About Rituals and Community Participation and such

From: Jonas Schiött <jonas.schiott_at_...>
Date: Tue, 01 Aug 2000 01:42:53 +0200

Warning: rambling ranting ahead. No solid conclusions will be reached...

David Boatright:
>when Roderick and Greg were
>questioned about another (connected) rule the questioner was
>meet with 'Oh hush' from Roderick and a yelled response from
>Greg that 'Gloranthans don't know the numbers'

Yeah, I was there too. This attitude of theirs saddened me greatly and put me completely off asking any rules-related questions.

This is probably not news to anyone, but I want to get it off my chest: 'Gloranthans don't know the numbers' is a very poor excuse for an argument. No, of course they don't know the numbers as such, but they do know about the things that the numbers are supposed to represent. A gloranthan can judge how good someone is at a skill they're using (if they have a mastery or not), they can tell who's winning a conflict (APs) and so forth. So they definitely should be able to feel if the support they're getting from their community is weak or strong. Sure, exact quantification is out of the question, but the difference between, say, +5 and +20 should be obvious.

We were told at C2K that when in doubt, narrators should go with the story, not the rules. Which is of course sound advice, not in any way restricted to Hero Wars, and could have been pushed a bit harder in the rulesbook. But it completely begs the question of how to proceed when the story depends on knowledge of how gloranthan reality works. Like it or not, the rules mechanics are the clearest (least ambiguous) window into Glorantha at our disposal. We have to be able to trust that they are, for the most part, doing a reasonably good job of representing how things would actually happen in (a story about) Glorantha.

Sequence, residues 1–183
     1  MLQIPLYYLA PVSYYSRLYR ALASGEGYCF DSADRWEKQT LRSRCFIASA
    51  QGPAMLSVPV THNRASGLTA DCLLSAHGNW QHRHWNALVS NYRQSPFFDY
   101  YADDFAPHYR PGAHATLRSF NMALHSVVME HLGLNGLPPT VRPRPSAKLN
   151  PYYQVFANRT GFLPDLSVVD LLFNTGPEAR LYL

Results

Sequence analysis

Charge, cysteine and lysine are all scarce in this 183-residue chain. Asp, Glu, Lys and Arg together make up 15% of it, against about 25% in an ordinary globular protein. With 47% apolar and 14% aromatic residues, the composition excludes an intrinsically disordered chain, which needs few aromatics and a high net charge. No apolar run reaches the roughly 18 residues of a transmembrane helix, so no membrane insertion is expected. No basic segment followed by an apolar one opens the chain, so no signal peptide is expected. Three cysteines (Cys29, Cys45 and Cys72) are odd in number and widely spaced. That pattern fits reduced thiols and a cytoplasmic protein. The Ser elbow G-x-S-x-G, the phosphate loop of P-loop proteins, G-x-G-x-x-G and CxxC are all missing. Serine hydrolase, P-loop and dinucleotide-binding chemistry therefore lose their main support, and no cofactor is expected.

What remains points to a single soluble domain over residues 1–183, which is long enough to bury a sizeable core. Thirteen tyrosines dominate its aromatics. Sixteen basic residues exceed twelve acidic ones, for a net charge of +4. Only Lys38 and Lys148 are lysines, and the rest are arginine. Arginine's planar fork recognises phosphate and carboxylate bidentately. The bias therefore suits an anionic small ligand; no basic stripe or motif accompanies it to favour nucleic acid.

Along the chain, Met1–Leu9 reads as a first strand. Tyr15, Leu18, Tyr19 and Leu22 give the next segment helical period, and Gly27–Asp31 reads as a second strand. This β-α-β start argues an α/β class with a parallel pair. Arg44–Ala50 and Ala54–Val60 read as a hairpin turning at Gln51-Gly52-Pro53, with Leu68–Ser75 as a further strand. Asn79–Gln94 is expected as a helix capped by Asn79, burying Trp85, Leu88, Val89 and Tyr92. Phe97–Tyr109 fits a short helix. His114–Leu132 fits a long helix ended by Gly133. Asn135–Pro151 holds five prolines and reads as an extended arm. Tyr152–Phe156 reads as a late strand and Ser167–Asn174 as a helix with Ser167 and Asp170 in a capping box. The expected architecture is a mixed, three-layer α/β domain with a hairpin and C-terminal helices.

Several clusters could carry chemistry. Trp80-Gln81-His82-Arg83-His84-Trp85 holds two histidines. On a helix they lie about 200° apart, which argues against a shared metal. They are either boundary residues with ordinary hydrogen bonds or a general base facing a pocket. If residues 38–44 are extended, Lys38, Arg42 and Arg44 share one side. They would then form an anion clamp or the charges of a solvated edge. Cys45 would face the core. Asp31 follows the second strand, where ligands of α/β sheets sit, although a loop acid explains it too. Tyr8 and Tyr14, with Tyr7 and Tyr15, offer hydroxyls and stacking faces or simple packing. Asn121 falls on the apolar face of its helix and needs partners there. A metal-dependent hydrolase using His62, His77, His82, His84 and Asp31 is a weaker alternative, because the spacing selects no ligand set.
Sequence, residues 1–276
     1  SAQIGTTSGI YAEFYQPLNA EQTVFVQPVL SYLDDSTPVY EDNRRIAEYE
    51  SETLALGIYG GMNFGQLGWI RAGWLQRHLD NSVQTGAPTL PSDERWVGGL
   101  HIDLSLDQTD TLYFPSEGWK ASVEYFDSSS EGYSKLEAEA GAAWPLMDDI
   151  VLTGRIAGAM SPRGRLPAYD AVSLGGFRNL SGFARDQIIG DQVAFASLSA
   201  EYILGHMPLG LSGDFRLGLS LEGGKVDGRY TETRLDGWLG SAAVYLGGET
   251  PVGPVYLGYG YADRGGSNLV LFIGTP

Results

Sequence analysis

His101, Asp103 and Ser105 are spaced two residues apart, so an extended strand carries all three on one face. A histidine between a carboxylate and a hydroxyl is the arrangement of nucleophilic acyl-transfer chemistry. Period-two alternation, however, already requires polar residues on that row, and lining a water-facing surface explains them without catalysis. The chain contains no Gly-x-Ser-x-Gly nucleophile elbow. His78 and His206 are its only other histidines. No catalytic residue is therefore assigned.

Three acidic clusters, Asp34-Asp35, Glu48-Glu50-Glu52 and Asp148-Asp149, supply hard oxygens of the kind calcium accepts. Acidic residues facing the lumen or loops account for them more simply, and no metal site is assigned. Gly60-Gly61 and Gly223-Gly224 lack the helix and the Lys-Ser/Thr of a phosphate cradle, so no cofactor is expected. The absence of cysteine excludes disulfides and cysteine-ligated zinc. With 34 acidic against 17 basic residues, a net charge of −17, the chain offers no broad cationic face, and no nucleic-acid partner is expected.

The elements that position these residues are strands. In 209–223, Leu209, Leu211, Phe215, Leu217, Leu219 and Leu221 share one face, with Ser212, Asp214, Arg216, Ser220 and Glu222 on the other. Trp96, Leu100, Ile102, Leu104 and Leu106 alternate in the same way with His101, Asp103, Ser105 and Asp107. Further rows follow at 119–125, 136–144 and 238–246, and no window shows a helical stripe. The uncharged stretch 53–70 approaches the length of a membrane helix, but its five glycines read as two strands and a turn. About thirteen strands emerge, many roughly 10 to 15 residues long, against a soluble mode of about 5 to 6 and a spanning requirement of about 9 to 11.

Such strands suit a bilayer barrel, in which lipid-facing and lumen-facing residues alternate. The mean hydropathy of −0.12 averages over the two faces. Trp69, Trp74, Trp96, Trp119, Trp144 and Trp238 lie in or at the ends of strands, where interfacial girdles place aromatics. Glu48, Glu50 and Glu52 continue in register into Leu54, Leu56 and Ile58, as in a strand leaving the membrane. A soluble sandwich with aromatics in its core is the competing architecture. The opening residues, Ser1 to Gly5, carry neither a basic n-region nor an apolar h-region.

It's possible that we wouldn't have to lean so heavily on the rules if there was a clearer concept of what a gloranthan story is like. An example of a game that does an extremely good job in this regard is Feng Shui. (No points for guessing why I chose that example...) There, in principle any situation can be resolved simply by asking "What would happen in a Hong Kong action flick?" Hero Wars lacks a touchstone of this elegance. At least I haven't gotten the impression that gloranthan storytelling can be defined so neatly into any one genre. The HW rulebook pushes the genre of heroic fantasy movies and TV series, but the myths and stories that Greg and others write about Glorantha don't fit that mold very well.

Charles Corrigan:
>One interesting new thing about rituals did come up at Convulsion.

It's a nice little fudge, but I still feel the numbers might be too low. Much ado is made at various points in the HW books about how great it is to have your community backing you, but if you look at the actual rules, doing the ritual in the right place and at the right time is much more important. Unless of course you have a whole tribe or something of that magnitude as support. I guess the only way to resolve this is to get hold of a gloranthan knowledgeable in these matters - a priest would be nice - and ask the hypothetical question: "If you could choose between doing a ritual by yourself on a high holy day, or doing it any old day with the support of 200 worshippers, which would you choose?" The answer to this should be reflected in the rules.

(BTW, why is it that when trading ritual bonuses for AP you get 2 for 1, when the relationship elsewhere is 5 for 1? Minor point, but it ties in with my doubts about the feasibility of Quest Challenges...)

Jonas Schiött

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